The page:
This page is written and copyrighted by by Steve Tietze and is reproduced with permission. It was orignally published by Aftershock.
There are a few files needed to take your alias (.tri) model into quake. I will explain each step for the process of bring your model to life.
First of all you have to have a 3d model. Things to keep in mind tho is that the model can only have triangle polygons, Surface faces must be pointing the right way or u will not get a surface on your object. I would say stay within the range of 250-300 polygons for your character or you will probably see a massive slow down in the engine. Its best to start models from scratch.
I have found that making characters with lots of polygons and then trying to rely on a polygon reduction method does not work at all. Keep in mind that your model scale should be in meters for best results. Here is what I do.. after I have the model saved I bring it into a program called Interchange y Senders which will convert about any object format to alias .tri format which is what you need in order to get them into quake currently. Once you have converted your object into alias .tri format you are ready to make the skin for the object.
Here is where u use the first of the Quake utilities called texmake. Texmake takes your object and created a outline skin which you then bring into a paint package and create the texture for your object. Very simple and straight forward. If your skin isn't showing up make sure your scale of your object is in meters. That's one major problem that I ran into and took me a while to figure out. Texmake has very simple command parameters.
E.g. to make our human.tri object skin simply do:
texmake human.trithis will make a .lbm file called human.lbm for you to edit in a paint package. For best results use either pc version of deluxe paint or deluxe animation. A thing to keep note of when you run texmake is the scale size of the object that is recognizes. You will use this number later.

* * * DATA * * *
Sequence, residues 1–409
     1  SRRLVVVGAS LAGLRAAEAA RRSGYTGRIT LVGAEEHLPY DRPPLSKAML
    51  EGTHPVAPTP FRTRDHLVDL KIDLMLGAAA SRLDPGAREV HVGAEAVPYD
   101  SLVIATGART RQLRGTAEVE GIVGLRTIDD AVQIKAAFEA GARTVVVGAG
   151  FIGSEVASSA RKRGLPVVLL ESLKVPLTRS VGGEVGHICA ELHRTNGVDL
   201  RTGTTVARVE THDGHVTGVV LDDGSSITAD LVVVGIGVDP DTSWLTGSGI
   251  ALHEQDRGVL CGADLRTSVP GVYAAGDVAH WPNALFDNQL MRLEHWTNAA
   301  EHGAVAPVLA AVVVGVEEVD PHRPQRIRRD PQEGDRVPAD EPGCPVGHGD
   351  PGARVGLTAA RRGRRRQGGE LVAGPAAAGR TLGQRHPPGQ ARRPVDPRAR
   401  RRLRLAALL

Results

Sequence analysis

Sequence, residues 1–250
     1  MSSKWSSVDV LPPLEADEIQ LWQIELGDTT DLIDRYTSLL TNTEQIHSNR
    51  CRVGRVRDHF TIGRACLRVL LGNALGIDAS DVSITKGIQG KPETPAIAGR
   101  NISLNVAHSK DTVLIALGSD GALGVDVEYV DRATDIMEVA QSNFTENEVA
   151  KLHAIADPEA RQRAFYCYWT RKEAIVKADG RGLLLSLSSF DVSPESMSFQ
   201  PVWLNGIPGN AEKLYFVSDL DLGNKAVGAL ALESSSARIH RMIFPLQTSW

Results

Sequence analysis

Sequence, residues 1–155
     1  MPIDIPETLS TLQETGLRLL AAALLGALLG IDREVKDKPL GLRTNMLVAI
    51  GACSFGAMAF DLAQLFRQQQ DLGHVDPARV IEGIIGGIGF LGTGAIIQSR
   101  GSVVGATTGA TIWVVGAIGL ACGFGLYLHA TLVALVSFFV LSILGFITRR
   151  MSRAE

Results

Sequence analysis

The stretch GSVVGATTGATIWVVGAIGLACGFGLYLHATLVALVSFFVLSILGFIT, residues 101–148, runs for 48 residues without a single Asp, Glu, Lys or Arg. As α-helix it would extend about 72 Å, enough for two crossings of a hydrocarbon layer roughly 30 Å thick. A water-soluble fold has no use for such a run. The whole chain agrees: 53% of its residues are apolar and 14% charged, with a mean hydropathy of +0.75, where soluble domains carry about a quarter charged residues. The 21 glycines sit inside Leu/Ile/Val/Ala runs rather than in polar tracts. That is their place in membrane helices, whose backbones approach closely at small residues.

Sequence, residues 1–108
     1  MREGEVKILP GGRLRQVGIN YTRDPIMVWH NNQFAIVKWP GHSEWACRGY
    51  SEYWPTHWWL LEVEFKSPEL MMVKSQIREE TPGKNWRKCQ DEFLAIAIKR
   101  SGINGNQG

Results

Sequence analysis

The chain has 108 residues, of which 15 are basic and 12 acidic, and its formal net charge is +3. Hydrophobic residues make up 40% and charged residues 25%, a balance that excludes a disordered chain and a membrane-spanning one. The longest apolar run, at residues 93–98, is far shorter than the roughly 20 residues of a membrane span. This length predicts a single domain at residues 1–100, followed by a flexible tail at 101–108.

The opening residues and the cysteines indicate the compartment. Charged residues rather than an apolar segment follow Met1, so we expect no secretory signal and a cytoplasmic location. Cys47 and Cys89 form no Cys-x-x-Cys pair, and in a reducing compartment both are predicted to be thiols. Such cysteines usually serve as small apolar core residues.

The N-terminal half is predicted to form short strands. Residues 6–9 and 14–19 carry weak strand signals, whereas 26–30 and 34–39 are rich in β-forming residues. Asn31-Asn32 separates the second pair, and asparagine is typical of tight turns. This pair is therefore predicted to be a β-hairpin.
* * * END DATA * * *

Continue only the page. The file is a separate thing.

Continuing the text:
Next step is to create a .qc (quake c) file for your model. Quake C has several uses. For this exercise we are just going to go over the simple version of it to bring in a character into quake. For all purposes we are going to replace the armor icon in the game. The reason I use the armor icon is it set up to rotate on its access which will give you a great spinning view of your object.
QUAKE C EXAMPLE FOR ARMOR:
$modelname armor $cd /evil/models/armor $flags 8 //client side rotate $origin 0 0 8 $scale 4 $base base $skin skin $frame armorThis is a very simple quake c source file for your model. Let me explain a few of the lines of this file.
$modelname <name>The name you want your object to be called once you bring it though the modelgen code.
$cd <dir>Directory where your model is located.
$flags <rotation>Rotation of the object.
$orgin 0 0 8Location of the object from the bounding box in the quake editor.
$scale < # >This comes from the texmake number that is generated you can use different values if you want.
$base <object>Base object name kinda like a starting position of the object before animating it.
$skin <skin name>The output file that you touched up from texmake for your object. $frame <frames> here is where you load in several frames of the object for animation. example would be . $frame walk1 walk2 walk3 walk4 etc.. That is the basic for an object in order to have it animate you will need to add some c code after the $frames that tell your object how to act. I will get into that more on another file this is just to get your object into quake for the moment. You can take all these principles that I have explained to get your objects into quake.
Once you have completed your quake c file its time to run it though model gen. Save the quake c file as armor.qc. Next step is to make 2 copies of your object. Name your object base.tri and armor.tri The reason for this is that when your run the model gen it will look for base from the $base base file and armor from the first frame of the armor in $frame armor.
Once you have completed make sure that all these files are in one directory:
base.tri armor.tri skin.lbm armor.qcThen simply run modelgen armor.qc which will then create a armor.mdl file which quake reads when running the game.
If you have done everything right you should now see a armor.mdl file in the same directory.
Now the fun part. Lets replace the your object with the armor icon in the game.
There are a few things u need to know before you do this. In the quake dir create a dir structure like id1. Here is a break down of what you will need to make maps gfx and models. Create these directors:
copy your armor.mdl file into test/progs dir. Then run quake with these command parameters.
quake -game testThis will bring you into quake and it should replace all the armor icons with your object icon.
THINGS TO KEEP IN MIND:
If texmake or modelgen doesn't seem to work or hang then there is a problem with your object. There are several reasons for this: